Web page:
Feature Blog by Program Director, Anna Ojascastro Guzon
Yesterday afternoon, the YourWords tutors and the Marygrove students finally had the opportunity to meet at our first tutoring session. We started with homework help, then dove into the writing assignment. We examined the universal theme of loss in Jay-Z’s “Glory,” Dylan Thomas’ “Do Not Go Gentle into that Good Night,” Bono’s “One,” and Elizabeth Bishop’s “One Art.” The kids outdid themselves in boldly taking on the challenge of composing a villanelle, a 19-line poem, in which the first and third lines are repeated in a specific pattern throughout.
From my perspective, I saw young men who were actually excited to write and proud to share their work. The tutors showed courage as well in taking on roles to which they are unaccustomed, and in unfamiliar surroundings. The result was the students having the rare luxury of being the sole focus of another’s attention, for a little more than an hour.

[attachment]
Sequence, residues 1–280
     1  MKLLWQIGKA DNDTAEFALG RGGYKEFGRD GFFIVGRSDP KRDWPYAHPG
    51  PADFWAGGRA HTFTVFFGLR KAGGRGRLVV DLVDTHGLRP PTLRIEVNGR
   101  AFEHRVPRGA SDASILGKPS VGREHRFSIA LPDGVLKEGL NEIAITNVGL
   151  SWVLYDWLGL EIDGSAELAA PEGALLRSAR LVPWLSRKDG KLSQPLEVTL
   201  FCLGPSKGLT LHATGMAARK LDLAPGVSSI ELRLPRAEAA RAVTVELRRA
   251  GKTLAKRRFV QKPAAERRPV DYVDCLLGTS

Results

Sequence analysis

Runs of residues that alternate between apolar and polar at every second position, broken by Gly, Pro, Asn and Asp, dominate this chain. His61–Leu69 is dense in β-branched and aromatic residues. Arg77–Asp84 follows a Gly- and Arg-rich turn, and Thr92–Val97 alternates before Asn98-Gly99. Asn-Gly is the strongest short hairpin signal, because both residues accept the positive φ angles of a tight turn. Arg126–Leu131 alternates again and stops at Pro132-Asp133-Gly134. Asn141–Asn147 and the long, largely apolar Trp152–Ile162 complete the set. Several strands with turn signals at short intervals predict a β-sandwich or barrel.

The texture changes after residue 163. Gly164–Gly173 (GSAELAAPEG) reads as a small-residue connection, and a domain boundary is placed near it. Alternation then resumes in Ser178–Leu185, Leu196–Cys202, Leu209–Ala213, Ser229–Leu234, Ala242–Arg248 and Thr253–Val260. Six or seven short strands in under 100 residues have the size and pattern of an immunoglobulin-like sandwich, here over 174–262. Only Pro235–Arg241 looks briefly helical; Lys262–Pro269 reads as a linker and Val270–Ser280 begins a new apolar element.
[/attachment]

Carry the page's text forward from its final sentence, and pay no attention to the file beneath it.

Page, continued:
While one of our goals was to provide education for the under-resourced, another goal was realized yesterday. Our tutors met these young men with cultures and backgrounds that are vastly different from their own. They weren’t quite certain what to expect. But as each tutor spoke to her student, the initial anxiety waned, developing into smiles and applause for their work. They read “One” and “One Art” together in pairs after listening to impassioned recordings of “Glory” and “Do not Go Gentle into that Good Night.” The mourning, resignation, anger, and redemption that accompanies loss and is reflected in these works is something to which every person can relate, regardless of whether they are from North or West County. After just one session of tutoring, we laid down one small plank of a bridge, spanning St. Louis’ divides.